The PlayStation 2's requirement for a rare metal in its manufacturing process helped fuel a bloody, decade-long conflict in Africa's Democratic Republic of Congo, according to an investigative report on Toward Freedom.
The site alleges that demand for coltan by Sony and other personal electronics manufacturers led Rwandan troops and Western companies to exploit the people and mineral resources of Congo, with children often forced to work in mines.
Oona King, a former member of the British Parliament, told Toward Freedom:
Kids in Congo were being sent down mines to die so that kids in Europe and America could kill imaginary aliens in their living rooms.
So, what is coltan? From the report:
After it is refined, coltan becomes a bluish-gray powder called tantalum... [which] has one significant use: to satisfy the West’s insatiable appetite for personal technology. Tantalum is used to make cell phones, laptops and other electronics made, for example, by SONY, a multi-billion dollar multinational based in Japan that manufactures the iconic PlayStation...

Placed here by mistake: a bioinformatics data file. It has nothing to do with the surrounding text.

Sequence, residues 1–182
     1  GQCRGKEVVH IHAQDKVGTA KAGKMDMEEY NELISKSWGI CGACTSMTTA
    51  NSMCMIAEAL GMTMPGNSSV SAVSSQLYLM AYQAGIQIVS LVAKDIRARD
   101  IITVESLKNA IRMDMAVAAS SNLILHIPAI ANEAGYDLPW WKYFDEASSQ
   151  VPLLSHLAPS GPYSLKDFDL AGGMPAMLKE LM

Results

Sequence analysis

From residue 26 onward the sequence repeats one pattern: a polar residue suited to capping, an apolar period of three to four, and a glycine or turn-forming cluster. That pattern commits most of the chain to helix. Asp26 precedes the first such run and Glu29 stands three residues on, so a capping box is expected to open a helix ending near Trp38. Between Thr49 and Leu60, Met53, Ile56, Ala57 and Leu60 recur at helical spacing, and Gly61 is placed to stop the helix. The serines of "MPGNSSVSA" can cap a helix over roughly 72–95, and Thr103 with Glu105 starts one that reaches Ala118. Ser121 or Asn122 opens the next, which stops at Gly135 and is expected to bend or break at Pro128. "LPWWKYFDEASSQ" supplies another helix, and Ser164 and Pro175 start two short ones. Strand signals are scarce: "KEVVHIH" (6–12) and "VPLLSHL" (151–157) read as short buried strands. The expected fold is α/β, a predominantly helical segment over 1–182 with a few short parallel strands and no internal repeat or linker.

Researcher David Barouski commented:
[The] PlayStation 2 launch... was a big part of the huge increase in demand for coltan... SONY and other companies like it, have the benefit of plausible deniability because the coltan ore trades hands so many times from when it is mined to when SONY gets a processed product, that a company often has no idea where the original coltan ore came from, and frankly don’t care to know. But statistical analysis shows it to be nearly inconceivable that SONY made all its PlayStations without using Congolese coltan.
A Sony rep told Toward Freedom that the company now takes steps to ensure that it does not use coltan illegally obtained from Congo in its manufacturing processes.